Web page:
The COVID-19 public health orders made over the past few months (the “PHOs”) have led to many questions about how they apply to separated spouses in the family law context. Importantly, the PHOs are unclear on how its restrictions apply to a co-parent whose children are only living with them part-time. The Supreme Court of British Columbia recently provided guidance on the application of the PHOs to separated spouses who have re-partnered after separation.
In Buckman v. Wyckham, 2020 BCSC 2076, the father had entered a polyamorous relationship with a married couple after separation. His new partner moved in with him in December of 2020, but also spent time with her husband in Vancouver. The mother withheld the children from parenting time with the father because she perceived a health risk as a result of the new partner living with him. The father sought an order that the mother wrongfully denied parenting time to him. The mother applied for an order determining whether the father breached the PHOs.
The Court commented that that the language of the PHOs is “fraught with inconsistency and ambiguity.” The Court reviewed the PHOs of November 13, December 9, and December 15, 2020 and noted that the concept of “regular interaction” is not defined, nor is it clear that a co-parent is “living on their own” such that they can be present for social purposes in a private residence of another person.
The Court found that the new partner spent more than 50% of her time with her husband in Vancouver such that her home there was her “primary residence.” The children were “occupants” of both parents’ residences under the PHOs. The new partner had a key and fob to the father’s home, a parking spot there, and kept clothes, toiletries, and cookware at the father’s home. Based on these factors, the Court found that she lived with the father when not at her home in Vancouver such that she was “an individual who occupies vacation accommodation” when she spent time with the father in Squamish. Therefore, she was an “occupant” of his apartment for the purposes of the PHOs. The Court found that neither the father nor the new partner were in breach of the PHOs when the new partner spent time at the Squamish apartment. Accordingly, the mother’s denial of parenting time was in error, though the Court also noted that “given the ambiguities which riddle the PHO regime, one is not inclined to judge her harshly.”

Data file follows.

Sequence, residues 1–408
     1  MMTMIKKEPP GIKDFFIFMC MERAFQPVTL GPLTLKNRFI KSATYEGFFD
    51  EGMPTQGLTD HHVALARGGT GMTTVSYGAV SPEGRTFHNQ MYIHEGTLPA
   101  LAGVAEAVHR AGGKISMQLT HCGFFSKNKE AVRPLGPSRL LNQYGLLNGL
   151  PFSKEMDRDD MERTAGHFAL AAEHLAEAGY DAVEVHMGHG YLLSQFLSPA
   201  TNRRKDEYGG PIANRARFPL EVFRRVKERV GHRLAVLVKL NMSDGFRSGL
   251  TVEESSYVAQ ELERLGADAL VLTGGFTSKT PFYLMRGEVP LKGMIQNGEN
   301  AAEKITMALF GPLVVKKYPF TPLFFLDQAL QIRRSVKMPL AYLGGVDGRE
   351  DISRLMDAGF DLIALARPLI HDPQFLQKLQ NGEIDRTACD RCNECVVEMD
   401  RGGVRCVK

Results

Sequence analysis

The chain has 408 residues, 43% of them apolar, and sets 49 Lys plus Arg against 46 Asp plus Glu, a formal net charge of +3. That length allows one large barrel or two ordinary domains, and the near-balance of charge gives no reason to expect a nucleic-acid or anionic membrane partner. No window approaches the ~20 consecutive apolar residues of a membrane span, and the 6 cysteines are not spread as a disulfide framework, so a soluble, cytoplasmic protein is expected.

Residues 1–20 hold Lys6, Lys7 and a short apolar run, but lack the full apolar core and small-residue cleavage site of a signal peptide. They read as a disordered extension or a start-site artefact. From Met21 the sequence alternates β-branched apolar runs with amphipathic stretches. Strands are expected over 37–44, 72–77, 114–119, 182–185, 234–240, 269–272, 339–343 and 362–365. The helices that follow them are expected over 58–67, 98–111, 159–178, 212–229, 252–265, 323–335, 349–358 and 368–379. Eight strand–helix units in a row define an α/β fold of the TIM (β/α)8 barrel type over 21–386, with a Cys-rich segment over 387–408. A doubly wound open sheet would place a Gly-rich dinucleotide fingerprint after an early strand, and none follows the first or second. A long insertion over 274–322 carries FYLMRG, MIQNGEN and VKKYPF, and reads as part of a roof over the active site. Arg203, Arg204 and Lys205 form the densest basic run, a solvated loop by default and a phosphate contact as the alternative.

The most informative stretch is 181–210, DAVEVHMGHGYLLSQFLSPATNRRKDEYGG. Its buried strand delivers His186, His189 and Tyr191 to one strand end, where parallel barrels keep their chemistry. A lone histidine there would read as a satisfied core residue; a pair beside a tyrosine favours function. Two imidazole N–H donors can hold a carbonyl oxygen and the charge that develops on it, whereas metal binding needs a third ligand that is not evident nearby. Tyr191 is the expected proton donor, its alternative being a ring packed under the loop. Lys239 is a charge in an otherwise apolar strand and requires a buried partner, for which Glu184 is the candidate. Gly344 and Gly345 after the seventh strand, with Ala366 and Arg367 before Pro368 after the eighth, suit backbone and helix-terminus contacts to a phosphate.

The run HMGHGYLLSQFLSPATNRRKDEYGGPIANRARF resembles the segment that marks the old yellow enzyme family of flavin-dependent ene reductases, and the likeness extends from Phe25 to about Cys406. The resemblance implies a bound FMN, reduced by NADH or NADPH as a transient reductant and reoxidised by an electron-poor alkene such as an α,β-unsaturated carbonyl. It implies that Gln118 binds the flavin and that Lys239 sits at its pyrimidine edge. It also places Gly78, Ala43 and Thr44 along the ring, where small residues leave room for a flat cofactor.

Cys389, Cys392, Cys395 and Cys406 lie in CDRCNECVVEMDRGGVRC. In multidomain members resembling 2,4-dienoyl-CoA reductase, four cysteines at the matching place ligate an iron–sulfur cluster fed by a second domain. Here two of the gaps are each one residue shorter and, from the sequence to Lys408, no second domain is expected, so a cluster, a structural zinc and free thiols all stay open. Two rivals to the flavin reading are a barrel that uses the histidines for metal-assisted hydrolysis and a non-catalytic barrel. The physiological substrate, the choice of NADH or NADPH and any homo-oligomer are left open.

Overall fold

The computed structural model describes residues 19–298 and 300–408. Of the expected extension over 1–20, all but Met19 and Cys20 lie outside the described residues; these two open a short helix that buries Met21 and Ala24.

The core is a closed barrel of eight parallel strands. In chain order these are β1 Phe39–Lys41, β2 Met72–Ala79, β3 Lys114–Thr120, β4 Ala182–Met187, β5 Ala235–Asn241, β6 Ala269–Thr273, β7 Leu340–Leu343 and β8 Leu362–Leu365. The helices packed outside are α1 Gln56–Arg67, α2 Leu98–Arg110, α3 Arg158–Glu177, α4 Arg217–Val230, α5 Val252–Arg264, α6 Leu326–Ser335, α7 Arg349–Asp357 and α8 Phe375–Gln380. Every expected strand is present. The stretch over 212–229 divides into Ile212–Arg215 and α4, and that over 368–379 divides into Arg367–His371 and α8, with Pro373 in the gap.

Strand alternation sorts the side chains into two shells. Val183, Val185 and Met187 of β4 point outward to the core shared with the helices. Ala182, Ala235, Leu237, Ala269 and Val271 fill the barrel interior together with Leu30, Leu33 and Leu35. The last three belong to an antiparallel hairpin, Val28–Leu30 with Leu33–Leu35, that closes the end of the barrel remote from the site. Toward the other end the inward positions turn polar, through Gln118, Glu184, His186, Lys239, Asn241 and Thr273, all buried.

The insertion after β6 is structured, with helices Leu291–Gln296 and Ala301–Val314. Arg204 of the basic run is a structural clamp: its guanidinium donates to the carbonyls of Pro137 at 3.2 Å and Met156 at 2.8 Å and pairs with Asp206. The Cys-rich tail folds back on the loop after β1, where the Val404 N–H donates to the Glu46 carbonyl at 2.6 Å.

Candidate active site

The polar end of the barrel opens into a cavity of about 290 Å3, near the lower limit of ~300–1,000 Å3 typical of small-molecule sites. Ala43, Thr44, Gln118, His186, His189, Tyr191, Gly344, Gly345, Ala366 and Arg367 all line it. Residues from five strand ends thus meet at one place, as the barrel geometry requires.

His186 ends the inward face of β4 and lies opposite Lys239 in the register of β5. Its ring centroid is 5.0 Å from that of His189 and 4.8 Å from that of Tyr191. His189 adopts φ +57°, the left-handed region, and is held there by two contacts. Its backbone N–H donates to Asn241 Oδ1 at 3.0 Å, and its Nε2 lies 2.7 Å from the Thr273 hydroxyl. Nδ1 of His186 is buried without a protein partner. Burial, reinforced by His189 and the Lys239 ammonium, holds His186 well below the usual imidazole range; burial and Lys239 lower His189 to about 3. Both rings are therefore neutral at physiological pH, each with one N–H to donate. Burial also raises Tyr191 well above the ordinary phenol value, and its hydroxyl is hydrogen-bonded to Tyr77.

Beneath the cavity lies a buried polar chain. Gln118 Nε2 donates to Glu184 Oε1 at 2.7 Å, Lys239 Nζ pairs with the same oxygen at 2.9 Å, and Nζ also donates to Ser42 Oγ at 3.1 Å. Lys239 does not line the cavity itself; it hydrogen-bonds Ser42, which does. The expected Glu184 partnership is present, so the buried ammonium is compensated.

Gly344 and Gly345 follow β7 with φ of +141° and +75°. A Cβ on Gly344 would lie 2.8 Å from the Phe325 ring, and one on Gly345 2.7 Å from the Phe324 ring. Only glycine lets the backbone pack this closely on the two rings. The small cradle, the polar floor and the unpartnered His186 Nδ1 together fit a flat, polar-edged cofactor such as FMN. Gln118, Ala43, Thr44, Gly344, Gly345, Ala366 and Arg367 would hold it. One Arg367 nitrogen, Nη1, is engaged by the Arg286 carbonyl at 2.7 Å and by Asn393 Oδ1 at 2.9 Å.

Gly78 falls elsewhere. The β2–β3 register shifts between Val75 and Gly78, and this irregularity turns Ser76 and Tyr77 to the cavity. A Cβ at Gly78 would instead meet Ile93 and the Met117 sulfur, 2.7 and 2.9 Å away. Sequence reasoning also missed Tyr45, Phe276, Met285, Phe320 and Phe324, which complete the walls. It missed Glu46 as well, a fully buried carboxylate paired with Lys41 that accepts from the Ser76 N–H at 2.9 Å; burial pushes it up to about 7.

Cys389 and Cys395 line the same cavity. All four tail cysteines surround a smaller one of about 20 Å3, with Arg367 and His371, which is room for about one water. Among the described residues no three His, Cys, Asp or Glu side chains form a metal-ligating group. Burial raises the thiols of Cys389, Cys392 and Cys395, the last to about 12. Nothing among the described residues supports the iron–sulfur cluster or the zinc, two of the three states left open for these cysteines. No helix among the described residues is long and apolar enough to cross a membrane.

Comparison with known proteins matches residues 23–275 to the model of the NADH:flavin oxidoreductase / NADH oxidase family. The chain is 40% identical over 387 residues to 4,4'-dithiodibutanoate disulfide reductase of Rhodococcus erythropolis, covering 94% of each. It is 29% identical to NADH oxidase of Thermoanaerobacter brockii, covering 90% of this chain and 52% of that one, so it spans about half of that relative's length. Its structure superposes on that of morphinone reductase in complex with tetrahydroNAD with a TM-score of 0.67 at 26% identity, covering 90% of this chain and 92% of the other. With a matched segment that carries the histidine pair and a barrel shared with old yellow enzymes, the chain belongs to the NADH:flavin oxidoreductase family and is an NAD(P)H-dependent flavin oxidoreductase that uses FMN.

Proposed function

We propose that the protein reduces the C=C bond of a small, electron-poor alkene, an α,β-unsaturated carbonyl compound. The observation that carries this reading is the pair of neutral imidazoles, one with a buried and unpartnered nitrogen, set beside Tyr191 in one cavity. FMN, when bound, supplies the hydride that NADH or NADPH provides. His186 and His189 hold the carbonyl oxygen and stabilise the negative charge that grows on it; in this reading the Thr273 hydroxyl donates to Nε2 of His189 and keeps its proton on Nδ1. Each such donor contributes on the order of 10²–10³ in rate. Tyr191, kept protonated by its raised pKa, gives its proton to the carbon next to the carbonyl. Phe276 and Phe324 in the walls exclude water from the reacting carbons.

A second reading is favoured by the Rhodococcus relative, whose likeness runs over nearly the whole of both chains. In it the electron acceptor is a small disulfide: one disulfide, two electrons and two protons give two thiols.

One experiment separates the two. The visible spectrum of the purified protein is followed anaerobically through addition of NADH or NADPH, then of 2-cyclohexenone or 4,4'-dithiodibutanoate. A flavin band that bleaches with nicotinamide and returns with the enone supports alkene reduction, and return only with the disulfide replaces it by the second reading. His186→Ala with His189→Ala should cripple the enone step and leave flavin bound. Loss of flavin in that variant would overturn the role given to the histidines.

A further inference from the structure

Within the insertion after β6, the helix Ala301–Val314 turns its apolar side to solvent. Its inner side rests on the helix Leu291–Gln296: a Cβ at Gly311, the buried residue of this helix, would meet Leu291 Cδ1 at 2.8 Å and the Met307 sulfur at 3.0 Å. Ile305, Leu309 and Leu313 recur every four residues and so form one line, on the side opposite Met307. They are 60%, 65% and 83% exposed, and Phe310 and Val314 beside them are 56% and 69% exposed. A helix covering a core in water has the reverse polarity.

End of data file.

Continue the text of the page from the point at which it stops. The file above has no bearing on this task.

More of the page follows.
The Court required that the parents abide by factors emphasized by courts across the country based on Ribeiro v. Wright, 2020 ONSC 1829, which it summarized as follows:
- COVID-19 parenting issues will be decided on a case-by-case basis as each case is different and involves unique circumstances;
- the Court expects parents to meticulously adhere to all COVID-19 safety measures, including social distancing, use of disinfectants, and compliance with public safety directives;
- the court also expects parents to demonstrate sensible insight, meaningful COVID-19 awareness, and all appropriate precautions necessary to protect the children;
- the parents must do whatever they can to ensure that neither they nor their children contract COVID-19 – every precautionary measure recommended by governments and health authorities must be taken by both parents and, with their help, by the children; and
- neither parent should do anything that will expose themselves or the child to an increased risk of contracting the virus.
Given the ambiguity of the PHOs, the Court declined to award costs to either party and did not fault the mother for withholding parenting time while she sought the assistance of the Court. However, the Court has previously indicated that COVID-19 concerns should not be used as a justification for withholding parenting time absent some concern that the health of a child or someone in the child’s household would be at risk. Each case is unique and will depend on the specific situation. If you have any questions regarding co-parenting during the pandemic, please contact a member of the Family Law Group.